Sunday, June 16, 2013

50 Years Ago: First Woman in Space!

Cosmonaut Valentina Tershkovova

Fifty years ago today, the Soviet Union took another leap forward in launching the first woman into space aboard Vostok 6. Valentina Tereshkova also became the first civilian to fly into space. She also saved her space mission!

Launch of Vostok 6 from Baikonur.

I've read in several accounts that the original mission goal was to have two women in space at the same time in Vostok 5 and 6, making a rendezvous, but that plan changed and instead Valery Bykovsky piloted the previous craft into orbit. Two days after that launch, Tereshkova lifted off in Vostok 6, and she made radio contact with Bykovsky after she reached orbit. Near the beginnings of the flight, Tereshkova made a discovery that there was an error in the descent program which would have caused the craft to ascend in orbit instead of descend. After she informed this to the Russian flight control, the engineers sent up correct instructions to Tereshkova, which she entered into the navigation program, thus saving her from problems during deorbit. This event was kept a secret until 2004.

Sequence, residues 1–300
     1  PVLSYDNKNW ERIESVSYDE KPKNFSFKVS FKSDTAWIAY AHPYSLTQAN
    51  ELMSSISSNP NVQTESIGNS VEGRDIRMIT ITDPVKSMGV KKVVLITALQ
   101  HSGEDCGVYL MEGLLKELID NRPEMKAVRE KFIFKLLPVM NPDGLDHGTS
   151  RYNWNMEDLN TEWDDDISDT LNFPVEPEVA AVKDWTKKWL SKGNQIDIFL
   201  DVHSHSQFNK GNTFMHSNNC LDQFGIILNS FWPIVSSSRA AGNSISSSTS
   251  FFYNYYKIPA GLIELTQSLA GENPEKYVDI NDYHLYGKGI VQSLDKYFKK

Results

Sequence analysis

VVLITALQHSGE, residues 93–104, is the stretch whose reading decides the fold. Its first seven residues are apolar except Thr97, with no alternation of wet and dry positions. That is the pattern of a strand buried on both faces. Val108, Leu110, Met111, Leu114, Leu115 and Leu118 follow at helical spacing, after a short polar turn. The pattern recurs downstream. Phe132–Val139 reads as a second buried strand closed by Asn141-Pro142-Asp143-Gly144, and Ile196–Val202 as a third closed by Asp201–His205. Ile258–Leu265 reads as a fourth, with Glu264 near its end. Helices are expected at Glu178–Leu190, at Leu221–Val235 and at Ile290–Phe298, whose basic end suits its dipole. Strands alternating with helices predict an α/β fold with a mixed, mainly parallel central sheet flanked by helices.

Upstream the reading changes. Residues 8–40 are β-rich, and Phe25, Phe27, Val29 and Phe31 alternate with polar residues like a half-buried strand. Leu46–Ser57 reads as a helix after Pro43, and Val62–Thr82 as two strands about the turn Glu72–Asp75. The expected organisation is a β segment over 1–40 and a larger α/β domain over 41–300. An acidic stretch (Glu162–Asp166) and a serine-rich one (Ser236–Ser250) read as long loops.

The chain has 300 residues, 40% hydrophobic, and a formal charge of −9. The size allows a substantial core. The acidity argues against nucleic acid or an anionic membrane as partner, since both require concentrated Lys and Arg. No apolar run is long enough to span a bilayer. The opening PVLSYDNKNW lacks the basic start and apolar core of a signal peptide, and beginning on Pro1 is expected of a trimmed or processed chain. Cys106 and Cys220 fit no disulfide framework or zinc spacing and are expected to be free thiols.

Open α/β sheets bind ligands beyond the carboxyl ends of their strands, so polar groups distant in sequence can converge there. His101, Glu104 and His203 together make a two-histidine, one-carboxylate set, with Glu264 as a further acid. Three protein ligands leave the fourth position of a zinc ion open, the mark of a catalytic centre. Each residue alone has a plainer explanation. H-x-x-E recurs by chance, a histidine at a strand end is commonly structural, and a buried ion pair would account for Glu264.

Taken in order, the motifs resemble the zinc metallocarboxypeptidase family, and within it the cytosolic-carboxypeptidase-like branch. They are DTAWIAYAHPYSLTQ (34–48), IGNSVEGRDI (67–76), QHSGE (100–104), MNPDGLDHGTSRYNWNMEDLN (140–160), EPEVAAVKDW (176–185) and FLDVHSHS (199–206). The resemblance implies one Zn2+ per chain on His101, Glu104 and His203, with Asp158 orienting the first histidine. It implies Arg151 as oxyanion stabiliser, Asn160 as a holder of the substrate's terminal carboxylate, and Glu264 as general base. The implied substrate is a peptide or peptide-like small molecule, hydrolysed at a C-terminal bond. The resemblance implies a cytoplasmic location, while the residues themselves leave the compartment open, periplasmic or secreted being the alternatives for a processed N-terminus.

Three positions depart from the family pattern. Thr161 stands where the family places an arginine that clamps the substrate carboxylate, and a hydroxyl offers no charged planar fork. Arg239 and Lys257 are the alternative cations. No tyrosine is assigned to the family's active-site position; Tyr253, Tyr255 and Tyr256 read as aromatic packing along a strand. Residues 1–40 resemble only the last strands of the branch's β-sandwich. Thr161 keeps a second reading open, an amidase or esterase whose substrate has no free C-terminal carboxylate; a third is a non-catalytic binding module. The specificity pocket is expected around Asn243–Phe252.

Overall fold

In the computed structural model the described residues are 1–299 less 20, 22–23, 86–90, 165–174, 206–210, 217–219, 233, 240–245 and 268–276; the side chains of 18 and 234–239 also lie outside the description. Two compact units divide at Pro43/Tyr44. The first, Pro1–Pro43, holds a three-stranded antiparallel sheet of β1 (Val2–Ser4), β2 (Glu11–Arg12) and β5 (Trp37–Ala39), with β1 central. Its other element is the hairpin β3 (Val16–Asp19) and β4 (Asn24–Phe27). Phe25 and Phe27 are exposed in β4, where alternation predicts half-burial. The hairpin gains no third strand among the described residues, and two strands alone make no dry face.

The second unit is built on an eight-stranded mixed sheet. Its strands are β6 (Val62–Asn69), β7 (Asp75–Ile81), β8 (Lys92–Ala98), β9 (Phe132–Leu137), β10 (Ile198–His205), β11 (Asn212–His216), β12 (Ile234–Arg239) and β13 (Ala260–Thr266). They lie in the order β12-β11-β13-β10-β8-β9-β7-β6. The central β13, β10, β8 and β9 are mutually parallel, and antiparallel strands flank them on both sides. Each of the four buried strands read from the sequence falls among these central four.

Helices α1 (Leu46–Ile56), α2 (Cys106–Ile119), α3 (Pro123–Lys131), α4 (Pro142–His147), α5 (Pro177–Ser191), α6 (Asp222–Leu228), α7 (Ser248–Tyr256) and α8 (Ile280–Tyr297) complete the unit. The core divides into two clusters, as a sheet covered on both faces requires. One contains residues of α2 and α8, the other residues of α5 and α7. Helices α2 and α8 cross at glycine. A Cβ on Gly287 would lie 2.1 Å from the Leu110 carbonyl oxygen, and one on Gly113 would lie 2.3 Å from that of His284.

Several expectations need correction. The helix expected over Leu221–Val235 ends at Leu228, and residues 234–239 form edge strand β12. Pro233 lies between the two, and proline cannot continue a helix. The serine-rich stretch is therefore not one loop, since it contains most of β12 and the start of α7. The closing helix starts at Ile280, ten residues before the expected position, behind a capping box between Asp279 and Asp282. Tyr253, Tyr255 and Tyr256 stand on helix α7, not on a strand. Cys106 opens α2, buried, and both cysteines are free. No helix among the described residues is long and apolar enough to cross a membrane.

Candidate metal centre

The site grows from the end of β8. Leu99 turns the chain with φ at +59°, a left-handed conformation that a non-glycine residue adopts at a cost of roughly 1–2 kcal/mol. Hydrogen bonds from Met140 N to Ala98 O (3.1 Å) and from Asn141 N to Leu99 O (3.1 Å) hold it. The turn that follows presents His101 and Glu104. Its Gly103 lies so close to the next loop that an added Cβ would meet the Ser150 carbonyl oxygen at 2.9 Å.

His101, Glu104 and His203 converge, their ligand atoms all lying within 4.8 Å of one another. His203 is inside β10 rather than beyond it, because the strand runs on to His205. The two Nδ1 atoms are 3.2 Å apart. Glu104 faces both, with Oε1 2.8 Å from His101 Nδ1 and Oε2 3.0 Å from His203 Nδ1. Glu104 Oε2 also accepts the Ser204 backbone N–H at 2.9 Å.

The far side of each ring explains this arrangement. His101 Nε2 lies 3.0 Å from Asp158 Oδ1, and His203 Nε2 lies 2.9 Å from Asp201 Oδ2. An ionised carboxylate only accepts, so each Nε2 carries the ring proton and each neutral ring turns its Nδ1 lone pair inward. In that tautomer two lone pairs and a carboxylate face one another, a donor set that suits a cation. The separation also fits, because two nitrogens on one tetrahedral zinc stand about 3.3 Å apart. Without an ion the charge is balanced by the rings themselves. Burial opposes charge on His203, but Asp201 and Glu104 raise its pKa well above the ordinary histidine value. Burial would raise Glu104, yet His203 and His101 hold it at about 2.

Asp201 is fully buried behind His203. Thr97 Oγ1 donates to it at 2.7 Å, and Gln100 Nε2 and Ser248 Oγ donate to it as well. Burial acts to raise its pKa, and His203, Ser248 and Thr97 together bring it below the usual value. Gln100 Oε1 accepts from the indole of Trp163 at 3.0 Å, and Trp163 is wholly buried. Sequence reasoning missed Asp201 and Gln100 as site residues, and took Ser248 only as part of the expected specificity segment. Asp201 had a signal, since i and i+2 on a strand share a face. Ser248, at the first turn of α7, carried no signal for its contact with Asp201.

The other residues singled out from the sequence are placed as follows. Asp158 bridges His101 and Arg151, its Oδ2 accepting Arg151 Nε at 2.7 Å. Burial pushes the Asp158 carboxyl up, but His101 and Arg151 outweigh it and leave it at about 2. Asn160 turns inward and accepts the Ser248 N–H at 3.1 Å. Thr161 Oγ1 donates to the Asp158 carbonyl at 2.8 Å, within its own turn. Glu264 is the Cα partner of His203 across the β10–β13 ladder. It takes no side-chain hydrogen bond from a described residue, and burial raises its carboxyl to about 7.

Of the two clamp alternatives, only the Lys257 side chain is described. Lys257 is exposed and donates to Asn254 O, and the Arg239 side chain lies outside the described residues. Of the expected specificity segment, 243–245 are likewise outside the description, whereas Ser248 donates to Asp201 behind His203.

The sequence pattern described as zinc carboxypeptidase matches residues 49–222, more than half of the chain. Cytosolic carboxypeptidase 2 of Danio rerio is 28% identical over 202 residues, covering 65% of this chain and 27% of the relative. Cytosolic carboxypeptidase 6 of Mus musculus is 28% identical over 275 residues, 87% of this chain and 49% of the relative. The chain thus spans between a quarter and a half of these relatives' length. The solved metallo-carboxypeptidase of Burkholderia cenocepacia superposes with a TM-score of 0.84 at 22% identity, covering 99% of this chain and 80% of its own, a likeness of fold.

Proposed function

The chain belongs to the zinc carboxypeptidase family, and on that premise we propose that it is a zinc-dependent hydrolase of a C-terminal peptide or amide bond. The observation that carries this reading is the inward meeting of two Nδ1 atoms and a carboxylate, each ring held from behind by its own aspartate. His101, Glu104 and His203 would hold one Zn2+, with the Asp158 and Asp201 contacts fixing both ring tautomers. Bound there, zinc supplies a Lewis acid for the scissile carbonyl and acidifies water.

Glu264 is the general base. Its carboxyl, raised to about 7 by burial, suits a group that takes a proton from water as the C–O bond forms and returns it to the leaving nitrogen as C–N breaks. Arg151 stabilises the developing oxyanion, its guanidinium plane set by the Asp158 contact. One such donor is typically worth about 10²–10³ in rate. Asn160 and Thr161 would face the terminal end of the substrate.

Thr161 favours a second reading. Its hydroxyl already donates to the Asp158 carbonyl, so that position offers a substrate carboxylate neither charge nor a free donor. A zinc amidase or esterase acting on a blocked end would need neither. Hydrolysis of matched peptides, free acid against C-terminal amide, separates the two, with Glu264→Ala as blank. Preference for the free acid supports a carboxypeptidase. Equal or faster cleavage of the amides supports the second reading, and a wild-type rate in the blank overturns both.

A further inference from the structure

Artist image of Vostok 6.

Keeping contact with Vostok 5 by radio, Tershkova flew within several miles of Bykovsky. Encyclopedia Astronautica has an interesting account by Tereshkova of what her mission was like, including an unfortunate event caused by eating food that was not very good:

Vostok 6 on the ground.

After re-entry, according to procedures, Tershkova ejected from the capsule and parachuted to the ground separate from the capsule chutes. They landed nearby each other, but she was stuck on her back in the ejection couch until rescuers reached her by plane and parachuted down to assist. 

Vostok 6 capsule on display.

Vostok 6 was the last mission using the Vostok 3KA spacecraft. The capsule is on display at the RKK Energia Museum in Korolyev.

Stamp and cover of mission.

Various stamps of the Joint Mission.

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